|Publication number||US4347069 A|
|Application number||US 06/242,775|
|Publication date||Aug 31, 1982|
|Filing date||Mar 11, 1981|
|Priority date||Mar 11, 1981|
|Also published as||CA1166285A, CA1166285A1, DE3208824A1, DE3208824C2|
|Publication number||06242775, 242775, US 4347069 A, US 4347069A, US-A-4347069, US4347069 A, US4347069A|
|Inventors||Eugene A. Haney, Fred P. Partus|
|Original Assignee||Western Electric Company, Inc.|
|Export Citation||BiBTeX, EndNote, RefMan|
|Patent Citations (5), Referenced by (18), Classifications (16), Legal Events (5)|
|External Links: USPTO, USPTO Assignment, Espacenet|
This invention relates to methods and apparatuses for supplying fluids to rotating tubes such as is done in the manufacture of optical fiber preforms.
Some industrial processes call for the introduction of fluids into rotating tubes. In many such situations it is desirable, if not essential, that this be done without ambient matter becoming entrained with the fluid as it flows from a stationary conduit into the rotating tube.
For example, in constructing preforms from which optical fibers may be drawn, vapors of materials such as SiCl4, GeCl4, BCl3 and POCl3 are entrained in an oxidizing carrier gas such as oxygen. The vapor stream is then drawn through a stationary conduit and into a rotating glass preform tube. In order to inhibit the vapor stream from leaking to ambient atmosphere, and ambient air from entering and thereby contaminating the vapor stream, a rotary seal has been provided at the junction of the stationary and rotary tubes. This seal has been provided by locating an end portion of one of the tubes within an end portion of the other tube and positioning one or more resilient O-rings or washers between the two tubes. However, this arrangement has been less than satisfactory since at least one of the tubes is constantly rubbing against the resilient O-ring causing them to become heated and to wear out. Structural deterioration of the O-rings, of course, soon leads to leakage which is aggravated whenever, as here, there is a pressure differential between the fluid stream and ambient. Furthermore, in such highly controlled situations as optical fiber preform manufacture even a very slight leak can create severe problems. For example, a leak PPM to ambient surroundings can endanger personnel since the vapor stream is toxic. Such leakage also alters the rate of vapor stream flow into the preform which rate must be precisely controlled. Conversely, an ingress of ambient air will also alter the flow rate as well as contaminate the vapor stream with water vapor.
Thus, it is desirable to provide improved methods and apparatuses for supplying a rotating tube with fluid uncontaminated with ambient air such as is done in fabricating optical fiber preforms. It is this task to which the present invention is primarily directed.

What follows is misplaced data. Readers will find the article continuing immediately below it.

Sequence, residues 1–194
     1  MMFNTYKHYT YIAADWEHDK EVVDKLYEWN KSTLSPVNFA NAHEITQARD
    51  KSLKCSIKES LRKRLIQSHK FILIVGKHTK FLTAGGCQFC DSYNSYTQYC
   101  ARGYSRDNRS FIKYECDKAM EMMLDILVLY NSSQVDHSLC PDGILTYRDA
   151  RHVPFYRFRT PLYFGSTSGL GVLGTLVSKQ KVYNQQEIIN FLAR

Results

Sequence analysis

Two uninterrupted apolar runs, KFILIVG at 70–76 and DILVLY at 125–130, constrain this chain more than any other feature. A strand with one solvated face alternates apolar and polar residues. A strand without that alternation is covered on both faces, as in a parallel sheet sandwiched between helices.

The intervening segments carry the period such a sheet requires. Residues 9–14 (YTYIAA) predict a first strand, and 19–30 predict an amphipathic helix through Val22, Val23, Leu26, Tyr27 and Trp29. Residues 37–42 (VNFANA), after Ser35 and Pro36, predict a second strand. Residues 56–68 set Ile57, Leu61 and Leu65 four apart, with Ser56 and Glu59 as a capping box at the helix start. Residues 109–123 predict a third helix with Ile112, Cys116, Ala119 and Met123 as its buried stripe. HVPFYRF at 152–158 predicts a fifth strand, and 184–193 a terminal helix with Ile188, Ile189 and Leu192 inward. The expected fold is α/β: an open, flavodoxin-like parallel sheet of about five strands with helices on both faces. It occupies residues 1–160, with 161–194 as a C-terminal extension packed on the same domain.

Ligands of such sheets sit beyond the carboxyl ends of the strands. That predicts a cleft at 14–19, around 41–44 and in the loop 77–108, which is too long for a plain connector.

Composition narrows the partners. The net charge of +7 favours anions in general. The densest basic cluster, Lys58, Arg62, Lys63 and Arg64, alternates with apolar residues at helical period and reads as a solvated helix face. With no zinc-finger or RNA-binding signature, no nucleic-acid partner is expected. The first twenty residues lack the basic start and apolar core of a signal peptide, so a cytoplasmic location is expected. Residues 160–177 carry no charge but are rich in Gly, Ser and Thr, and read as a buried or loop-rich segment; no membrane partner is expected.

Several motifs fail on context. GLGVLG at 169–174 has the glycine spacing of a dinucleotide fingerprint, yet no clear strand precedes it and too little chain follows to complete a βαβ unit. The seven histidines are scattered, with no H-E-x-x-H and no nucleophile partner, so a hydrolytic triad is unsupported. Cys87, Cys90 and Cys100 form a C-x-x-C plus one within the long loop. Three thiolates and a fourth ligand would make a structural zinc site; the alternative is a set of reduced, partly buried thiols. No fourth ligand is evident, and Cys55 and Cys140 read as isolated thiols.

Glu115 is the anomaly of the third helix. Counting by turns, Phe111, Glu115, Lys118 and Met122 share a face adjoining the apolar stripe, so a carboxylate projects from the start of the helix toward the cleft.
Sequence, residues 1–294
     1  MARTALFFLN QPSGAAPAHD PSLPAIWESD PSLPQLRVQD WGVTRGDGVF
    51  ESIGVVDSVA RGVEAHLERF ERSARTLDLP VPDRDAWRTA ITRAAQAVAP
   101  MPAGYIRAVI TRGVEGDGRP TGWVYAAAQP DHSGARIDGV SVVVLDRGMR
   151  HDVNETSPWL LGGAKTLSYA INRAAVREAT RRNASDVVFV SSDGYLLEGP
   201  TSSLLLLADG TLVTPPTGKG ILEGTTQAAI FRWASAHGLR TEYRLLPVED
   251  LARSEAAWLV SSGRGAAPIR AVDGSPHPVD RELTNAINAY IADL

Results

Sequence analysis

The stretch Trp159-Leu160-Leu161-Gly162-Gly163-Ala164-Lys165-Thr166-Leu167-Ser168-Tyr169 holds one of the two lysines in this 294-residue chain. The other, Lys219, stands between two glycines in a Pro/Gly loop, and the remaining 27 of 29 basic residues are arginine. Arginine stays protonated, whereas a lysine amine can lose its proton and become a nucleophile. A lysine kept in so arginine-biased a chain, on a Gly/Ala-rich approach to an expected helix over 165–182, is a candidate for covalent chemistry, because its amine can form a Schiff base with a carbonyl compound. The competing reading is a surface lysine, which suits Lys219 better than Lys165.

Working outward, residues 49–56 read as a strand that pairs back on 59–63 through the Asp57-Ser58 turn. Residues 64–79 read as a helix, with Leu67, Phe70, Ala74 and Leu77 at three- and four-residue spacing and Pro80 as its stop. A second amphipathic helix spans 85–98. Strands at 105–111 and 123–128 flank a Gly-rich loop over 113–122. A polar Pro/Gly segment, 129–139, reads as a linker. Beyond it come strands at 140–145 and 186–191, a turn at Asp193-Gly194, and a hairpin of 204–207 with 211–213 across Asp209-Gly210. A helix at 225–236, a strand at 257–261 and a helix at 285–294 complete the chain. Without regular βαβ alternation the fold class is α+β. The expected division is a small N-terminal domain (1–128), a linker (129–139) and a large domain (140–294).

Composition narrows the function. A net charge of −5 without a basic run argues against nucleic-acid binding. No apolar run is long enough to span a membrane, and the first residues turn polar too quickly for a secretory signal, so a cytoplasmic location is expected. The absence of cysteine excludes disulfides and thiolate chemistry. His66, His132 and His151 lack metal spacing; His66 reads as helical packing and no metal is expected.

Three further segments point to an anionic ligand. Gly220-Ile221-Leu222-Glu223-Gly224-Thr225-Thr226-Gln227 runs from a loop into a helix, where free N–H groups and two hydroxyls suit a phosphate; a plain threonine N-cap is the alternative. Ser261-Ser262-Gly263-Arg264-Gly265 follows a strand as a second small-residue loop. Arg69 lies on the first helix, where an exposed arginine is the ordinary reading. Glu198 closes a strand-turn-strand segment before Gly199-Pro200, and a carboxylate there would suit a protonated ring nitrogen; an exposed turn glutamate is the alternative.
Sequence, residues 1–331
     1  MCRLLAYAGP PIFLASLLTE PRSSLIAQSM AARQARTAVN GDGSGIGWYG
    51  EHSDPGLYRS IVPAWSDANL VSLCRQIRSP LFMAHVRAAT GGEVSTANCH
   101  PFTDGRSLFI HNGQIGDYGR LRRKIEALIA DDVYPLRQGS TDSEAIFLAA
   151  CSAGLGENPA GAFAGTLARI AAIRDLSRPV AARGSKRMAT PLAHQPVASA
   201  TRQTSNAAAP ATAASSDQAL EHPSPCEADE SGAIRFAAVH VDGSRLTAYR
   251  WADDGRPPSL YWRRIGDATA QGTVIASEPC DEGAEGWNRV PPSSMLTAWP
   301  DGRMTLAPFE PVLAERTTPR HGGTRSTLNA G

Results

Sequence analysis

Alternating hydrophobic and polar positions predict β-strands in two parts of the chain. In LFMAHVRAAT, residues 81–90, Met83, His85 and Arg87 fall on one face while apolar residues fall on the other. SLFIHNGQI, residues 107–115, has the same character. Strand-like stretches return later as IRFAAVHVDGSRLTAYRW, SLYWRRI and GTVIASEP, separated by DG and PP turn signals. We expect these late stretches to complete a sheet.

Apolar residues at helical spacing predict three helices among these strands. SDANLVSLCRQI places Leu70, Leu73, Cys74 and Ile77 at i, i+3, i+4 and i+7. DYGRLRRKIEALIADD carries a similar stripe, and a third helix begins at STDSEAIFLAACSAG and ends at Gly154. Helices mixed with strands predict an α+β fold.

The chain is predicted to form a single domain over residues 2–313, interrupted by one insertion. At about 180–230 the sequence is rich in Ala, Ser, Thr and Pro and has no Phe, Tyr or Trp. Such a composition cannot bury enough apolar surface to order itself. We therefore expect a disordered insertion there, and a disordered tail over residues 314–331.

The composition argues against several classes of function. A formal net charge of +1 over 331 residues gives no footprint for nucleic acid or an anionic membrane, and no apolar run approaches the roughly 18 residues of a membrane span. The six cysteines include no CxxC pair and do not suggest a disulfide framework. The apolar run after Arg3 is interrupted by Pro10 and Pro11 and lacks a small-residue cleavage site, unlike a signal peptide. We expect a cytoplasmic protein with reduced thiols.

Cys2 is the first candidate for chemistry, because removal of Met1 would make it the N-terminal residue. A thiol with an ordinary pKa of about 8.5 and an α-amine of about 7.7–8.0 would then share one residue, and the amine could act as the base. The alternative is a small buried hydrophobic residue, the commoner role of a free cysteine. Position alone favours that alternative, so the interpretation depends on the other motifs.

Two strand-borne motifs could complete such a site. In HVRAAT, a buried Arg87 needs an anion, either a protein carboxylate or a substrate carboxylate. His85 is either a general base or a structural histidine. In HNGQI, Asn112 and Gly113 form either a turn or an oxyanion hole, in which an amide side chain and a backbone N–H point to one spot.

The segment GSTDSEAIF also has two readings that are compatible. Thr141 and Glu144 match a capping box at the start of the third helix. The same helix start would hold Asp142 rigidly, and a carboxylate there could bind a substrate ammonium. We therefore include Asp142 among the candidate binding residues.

In one form of the invention a method is provided for delivering a fluid stream through a stationary conduit and into a rotating tube through a junction of the stationary conduit and the rotating tube without altering the qualitative composition of the fluid stream by ingress of ambient air at the junction. In accordance with the method a fluid constituent of the fluid stream is flowed over the junction at a pressure in excess of the pressure of the fluid stream within the junction.
In another form of the invention a method is provided for forming an optical fiber preform wherein vapors of glass forming precursors are entrained with oxygen to form a vapor stream and the vapor stream drawn through a stationary conduit and into a rotating glass preform tube through a sealed junction of the stationary conduit and the rotating tube. In accordance with the method oxygen is flowed about the sealed junction at a pressure greater than the vapor stream pressure within the junction. In this manner any ingress of ambient fluid into the preform tube at the sealed junction is in the form of oxygen whereby the qualitative composition of this vapor stream is maintained.
In another form of the invention a method is provided for introducing a vapor stream into a rotating optical fiber preform tube. The method comprises the steps of generating a vapor stream comprised of a vaporized glass forming precursor entrained in an oxidizing carrier gas and flowing the vapor stream into the rotating optical fiber preform tube through an at least partially sealed rotary joint. Any material alteration in the composition of the vapor stream is prevented from occurring should the sealed rotary joint become leaky by flowing a stream of fluid consisting essentially of the oxidizing carrier gas over the sealed rotary joint at a pressure greater than the pressure of the vapor steam as it flows through the rotary joint.
In another form of the invention a protective end member is provided for a rotatable tubular member. The protective end member has a housing formed with a bore therein of greater inside dimensions than the outside dimensions of the tubular member for receiving an end of the tubular member without making contact with it. Means are provided within the housing for permitting the introduction of fluid into the interior of the tubular member. Means are also provided within the housing for permitting the introduction of a purging fluid into the housing bore at a pressure in excess of ambient pressure to prevent contaminating materials from being introduced into the interior of the tubular member from the ambient atmosphere.